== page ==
Atopic dermatitis is a relapsing-remitting inflammatory skin disorder characterized by intensely itchy skin lesions (which are usually red and raised) that occur predominantly in the folds of the elbows and knees, along with the face and neck (for infants). Affected individuals frequently have dry skin, and many treatments for less severe cases of the disorder focus on correcting this abnormality. It is believed to have a strong genetic component[note 1] and frequently occurs concomitantly with asthma and allergies. Like these conditions it is also associated with IgE abnormalities, namely high IgE levels in the plasma and is believed to be a predominantly T cell (especially TH2)-mediated pathology. It is a fairly component condition with about 15-20% of school-aged children and 2-10% of adults having the disorder.
Cases unresponsive to the aforementioned moisturizing of the dry skin associated with AD may be treated with topical corticosteroids or calcineurin inhibitors (e.g., pimecrolimus or tacrolimus); if this fails or is unsuitable (e.g., due to poor patient compliance) systemic immunosuppressants like calcineurin inhibitors, azathioprine, mycophenolate mofetil and methotrexate may be useful.
- NCBI Bookshelf provides free book resources on this topic.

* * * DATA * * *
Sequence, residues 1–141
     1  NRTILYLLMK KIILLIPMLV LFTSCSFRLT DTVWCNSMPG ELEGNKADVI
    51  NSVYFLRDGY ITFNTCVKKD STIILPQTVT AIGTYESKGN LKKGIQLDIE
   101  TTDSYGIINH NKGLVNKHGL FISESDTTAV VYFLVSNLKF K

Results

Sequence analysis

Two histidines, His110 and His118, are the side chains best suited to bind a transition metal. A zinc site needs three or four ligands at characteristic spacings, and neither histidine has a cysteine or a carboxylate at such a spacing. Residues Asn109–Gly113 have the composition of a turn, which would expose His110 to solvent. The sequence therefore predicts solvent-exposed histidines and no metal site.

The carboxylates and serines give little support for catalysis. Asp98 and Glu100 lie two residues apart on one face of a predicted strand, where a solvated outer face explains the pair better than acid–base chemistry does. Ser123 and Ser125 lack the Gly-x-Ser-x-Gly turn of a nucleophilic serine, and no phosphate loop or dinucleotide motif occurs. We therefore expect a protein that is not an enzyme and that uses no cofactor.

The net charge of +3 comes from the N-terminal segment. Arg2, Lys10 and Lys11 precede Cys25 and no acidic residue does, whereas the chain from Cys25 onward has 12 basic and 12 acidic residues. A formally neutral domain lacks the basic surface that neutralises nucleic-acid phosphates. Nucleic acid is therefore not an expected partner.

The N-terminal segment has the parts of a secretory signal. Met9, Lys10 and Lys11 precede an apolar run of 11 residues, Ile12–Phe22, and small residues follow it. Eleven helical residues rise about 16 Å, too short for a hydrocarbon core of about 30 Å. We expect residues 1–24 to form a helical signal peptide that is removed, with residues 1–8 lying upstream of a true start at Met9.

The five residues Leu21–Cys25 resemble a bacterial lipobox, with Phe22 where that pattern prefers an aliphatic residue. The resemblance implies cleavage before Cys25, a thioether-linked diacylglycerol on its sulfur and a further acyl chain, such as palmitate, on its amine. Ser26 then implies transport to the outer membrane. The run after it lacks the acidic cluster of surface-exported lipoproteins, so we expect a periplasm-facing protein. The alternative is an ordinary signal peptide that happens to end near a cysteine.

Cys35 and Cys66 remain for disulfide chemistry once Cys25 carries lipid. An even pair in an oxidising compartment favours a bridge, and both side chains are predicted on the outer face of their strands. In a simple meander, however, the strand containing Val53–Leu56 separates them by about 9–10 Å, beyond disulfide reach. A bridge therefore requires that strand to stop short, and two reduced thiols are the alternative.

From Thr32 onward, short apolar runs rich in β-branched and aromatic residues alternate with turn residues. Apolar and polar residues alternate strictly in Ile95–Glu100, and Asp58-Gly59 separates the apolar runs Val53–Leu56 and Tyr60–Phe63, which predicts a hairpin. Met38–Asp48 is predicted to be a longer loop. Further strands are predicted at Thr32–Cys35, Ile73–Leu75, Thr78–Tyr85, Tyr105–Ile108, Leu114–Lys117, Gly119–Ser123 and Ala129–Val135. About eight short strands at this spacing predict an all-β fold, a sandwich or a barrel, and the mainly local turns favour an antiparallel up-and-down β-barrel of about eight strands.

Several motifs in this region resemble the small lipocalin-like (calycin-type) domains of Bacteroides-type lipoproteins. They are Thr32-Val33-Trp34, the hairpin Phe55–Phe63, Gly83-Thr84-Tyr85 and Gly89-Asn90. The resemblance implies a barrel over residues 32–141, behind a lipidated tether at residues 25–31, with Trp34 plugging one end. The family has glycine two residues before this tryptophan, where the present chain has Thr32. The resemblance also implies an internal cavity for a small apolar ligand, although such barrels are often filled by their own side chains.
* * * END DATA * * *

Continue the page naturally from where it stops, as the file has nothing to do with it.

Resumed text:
- PubMed provides review articles from the past five years (limit to free review articles or to systematic reviews)
- The TRIP database provides clinical publications about evidence-based medicine.
- ↑ e.g., >80% of kids with two AD-affected parents will develop the disorder
- ↑ 1.0 1.1 1.2 Longo, DL; Fauci, AS; Kasper, DL; Hauser, SL; Jameson, JL; Loscalzo, J, ed. (2012). "Chapter 52. Eczema, Psoriasis, Cutaneous Infections, Acne, and Other Common Skin Disorders". Harrison's Principles of Internal Medicine, 18e. New York, USA: McGraw-Hill. ISBN 978-0-07174889-6.
- ↑ 2.0 2.1 2.2 2.3 Tidy, C (18 February 2011). "Atopic Dermatitis and Eczema". Patient.co.uk Professional Reference. Green Lane, UK: Egton Medical Information Systems Limited. Retrieved 17 November 2014.
- ↑ 3.0 3.1 Simon, D; Bieber, T (January 2014). "Systemic therapy for atopic dermatitis.". Allergy 69 (1): 46–55. PMID 24354911. doi:10.1111/all.12339.